Jesus who?!?

"For whatever is hidden is meant to be disclosed, and whatever is concealed is meant to be brought out in the open." Mark 4:22

Monday, April 24, 2006

The politics Jesus wouldn't do...

"There is no such thing as a "Christian politics." If it is politics, it cannot be Christian. Jesus told Pilate: "My reign is not of this present order. If my reign were of this present order, my supporters would have fought against my being turned over to the Jews. But my reign is not here" (John 18:36). Jesus brought no political message or program.

This is a truth that needs emphasis at a time when some Democrats, fearing that the Republicans have advanced over them by the use of religion, want to respond with a claim that Jesus is really on their side. He is not. He avoided those who would trap him into taking sides for or against the Roman occupation of Judea. He paid his taxes to the occupying power but said only, "Let Caesar have what belongs to him, and God have what belongs to him" (Matthew 22:21). He was the original proponent of a separation of church and state.

Those who want the state to engage in public worship, or even to have prayer in schools, are defying his injunction: "When you pray, be not like the pretenders, who prefer to pray in the synagogues and in the public square, in the sight of others. In truth I tell you, that is all the profit they will have. But you, when you pray, go into your inner chamber and, locking the door, pray there in hiding to your Father, and your Father who sees you in hiding will reward you" (Matthew 6:5-6). He shocked people by his repeated violation of the external holiness code of his time, emphasizing that his religion was an internal matter of the heart....."

Wednesday, April 19, 2006

Then there is the Gospel of Barnabas...

Unfortunately, any debate over this text is wrapped up in Muslim-Christian rivalry. But, perhaps out of all the extra-biblical sources in the hunt for the historical Jesus, this is the most controversial? After all, it is the primary source Muslims use to provide a critique of the traditional Christian view of Jesus.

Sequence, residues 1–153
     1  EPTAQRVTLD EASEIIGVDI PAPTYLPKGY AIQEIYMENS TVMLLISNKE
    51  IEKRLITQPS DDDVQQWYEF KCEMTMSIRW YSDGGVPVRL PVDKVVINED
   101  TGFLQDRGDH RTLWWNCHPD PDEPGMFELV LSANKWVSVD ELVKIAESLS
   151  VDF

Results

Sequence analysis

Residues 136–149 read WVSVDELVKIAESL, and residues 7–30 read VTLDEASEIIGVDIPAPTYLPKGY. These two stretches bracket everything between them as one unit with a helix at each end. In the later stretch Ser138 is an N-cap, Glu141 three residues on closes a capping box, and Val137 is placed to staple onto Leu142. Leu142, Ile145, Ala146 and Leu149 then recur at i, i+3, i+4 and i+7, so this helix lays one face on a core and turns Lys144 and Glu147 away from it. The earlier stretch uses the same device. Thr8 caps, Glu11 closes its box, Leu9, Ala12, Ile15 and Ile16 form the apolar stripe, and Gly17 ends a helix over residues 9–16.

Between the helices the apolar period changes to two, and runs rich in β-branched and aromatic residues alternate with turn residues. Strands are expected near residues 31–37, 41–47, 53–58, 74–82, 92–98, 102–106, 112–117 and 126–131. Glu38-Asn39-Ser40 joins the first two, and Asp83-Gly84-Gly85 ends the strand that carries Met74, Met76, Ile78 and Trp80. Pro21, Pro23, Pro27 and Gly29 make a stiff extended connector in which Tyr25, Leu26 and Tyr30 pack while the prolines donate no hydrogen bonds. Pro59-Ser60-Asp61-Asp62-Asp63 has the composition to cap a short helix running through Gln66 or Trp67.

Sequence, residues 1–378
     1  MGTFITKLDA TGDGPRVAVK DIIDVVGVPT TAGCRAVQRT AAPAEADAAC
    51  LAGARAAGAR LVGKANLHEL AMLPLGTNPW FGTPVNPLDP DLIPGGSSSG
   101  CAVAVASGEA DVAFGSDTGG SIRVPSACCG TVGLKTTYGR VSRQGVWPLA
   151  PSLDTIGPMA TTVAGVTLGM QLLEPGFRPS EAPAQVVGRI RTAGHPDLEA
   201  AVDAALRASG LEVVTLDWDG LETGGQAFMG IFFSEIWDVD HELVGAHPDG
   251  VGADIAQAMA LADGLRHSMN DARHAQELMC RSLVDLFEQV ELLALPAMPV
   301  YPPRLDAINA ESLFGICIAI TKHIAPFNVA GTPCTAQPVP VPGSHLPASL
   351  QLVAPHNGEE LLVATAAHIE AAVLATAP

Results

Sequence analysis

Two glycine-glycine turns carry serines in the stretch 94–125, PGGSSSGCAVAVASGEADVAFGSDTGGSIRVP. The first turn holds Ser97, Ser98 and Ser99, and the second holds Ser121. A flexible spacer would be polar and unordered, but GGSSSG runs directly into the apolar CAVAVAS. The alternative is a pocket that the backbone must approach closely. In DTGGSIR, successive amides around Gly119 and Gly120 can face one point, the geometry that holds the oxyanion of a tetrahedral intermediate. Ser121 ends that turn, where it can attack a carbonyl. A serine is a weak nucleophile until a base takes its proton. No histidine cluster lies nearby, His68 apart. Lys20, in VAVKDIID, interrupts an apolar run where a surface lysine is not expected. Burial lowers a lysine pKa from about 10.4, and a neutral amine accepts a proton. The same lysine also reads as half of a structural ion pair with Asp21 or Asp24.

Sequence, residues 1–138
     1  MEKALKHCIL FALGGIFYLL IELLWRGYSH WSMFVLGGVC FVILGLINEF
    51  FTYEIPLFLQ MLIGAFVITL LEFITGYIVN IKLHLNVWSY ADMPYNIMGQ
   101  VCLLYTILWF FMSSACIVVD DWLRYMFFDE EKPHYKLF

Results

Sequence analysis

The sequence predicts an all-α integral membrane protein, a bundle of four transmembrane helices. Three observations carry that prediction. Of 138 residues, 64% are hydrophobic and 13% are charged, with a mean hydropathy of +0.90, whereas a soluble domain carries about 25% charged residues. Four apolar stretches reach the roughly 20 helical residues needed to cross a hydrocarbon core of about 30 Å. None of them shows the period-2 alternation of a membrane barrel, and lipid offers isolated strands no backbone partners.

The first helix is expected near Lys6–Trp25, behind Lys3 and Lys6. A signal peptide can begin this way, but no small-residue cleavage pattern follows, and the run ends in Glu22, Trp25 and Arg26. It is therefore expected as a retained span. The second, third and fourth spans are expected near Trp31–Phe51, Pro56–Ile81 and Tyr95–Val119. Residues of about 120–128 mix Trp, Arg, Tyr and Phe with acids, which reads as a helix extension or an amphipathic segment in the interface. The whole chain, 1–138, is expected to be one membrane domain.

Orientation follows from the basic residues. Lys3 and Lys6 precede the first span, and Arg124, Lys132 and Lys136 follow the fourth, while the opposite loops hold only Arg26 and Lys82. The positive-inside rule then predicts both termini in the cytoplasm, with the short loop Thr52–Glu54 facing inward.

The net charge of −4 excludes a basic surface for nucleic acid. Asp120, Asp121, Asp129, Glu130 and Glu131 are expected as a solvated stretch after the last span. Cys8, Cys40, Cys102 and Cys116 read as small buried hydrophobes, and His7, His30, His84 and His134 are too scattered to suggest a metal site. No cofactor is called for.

"The Gospel of Barnabas is a work purporting to be a depiction of the life of Jesus by his disciple Barnabas. The two earliest known manuscripts have been dated to the late sixteenth century, and are written in Italian and in Spanish; although the Spanish version survives now only in an eighteenth century copy. It is about the same length as the four canonical gospels put together (the Italian manuscript has 222 chapters); with the bulk being devoted to an account of Jesus' ministry, much of it harmonised from accounts also found in the canonical gospels. In some, but not all, respects it conforms to the Islamic interpretation of Christian Origins; and consequently its authorship and textual history remain the subject of continued controversy.

The Gospel is considered by the majority of academics (including Christians and some Muslims) to be late, pseudepigraphical and a pious fraud; however, some academics suggest that it may contain some remnants of an earlier apocryphal work edited to conform to Islam, perhaps Gnostic (Cirillo, Ragg) or Ebionite (Pines) or Diatessaronic (Joosten), and some Muslim scholars consider it genuineā€¦."

Read more here:

Thursday, April 06, 2006

Judas Iscariot: Freedom Fighter or Terrorist?

Easter seems to bring about more debate over the historical Jesus... constructive or not... it is that time of year again...
Here is a selection of the debate from Beliefnet:
"The document is clearly a gnostic forgery. Key concepts and words from gnostic philosophy are prevalent from even the first few pages. There is a reason that the attempted 'hijacking' of Christianity by gnosticism failed-it was clearly demonstrated to be false and historically invalid during the second/third century. Visit: http:/// for more info. The truth prevailed, gnosticism and its historical revisionism faded away." (rmcwilson)
"One of my favourite versions of the Christ story is the much-maligned Last Temptation of Christ. In it, Judas is portrayed as not exactly sympathetic but understandable.What is often lost in discussions is that there was a militant strain of Judaism that advocated armed revolt against the Roman oppressors. Kazantzakis' Judas is a former zealot who sees Jesus as a potential messiah but is disillusioned when Jesus advocates a passive campaign against the Romans. It's truly fascinating stuff." (dplatt)
"It has been said that a wise person can learn something from any book - even a lousy book, as an example of what is lousy - whereas a fool cannot learn from even the greatest book. My attitude toward the Bible is not reverent, but respectful. I have tried to learn from it without blindly and dogmatically accepting everything as literal truth. But then, that is how I approach most serious books. God-breathed? Perhaps - but who is to say that God didn't breathe through other books as well?" (Heretic for Christ)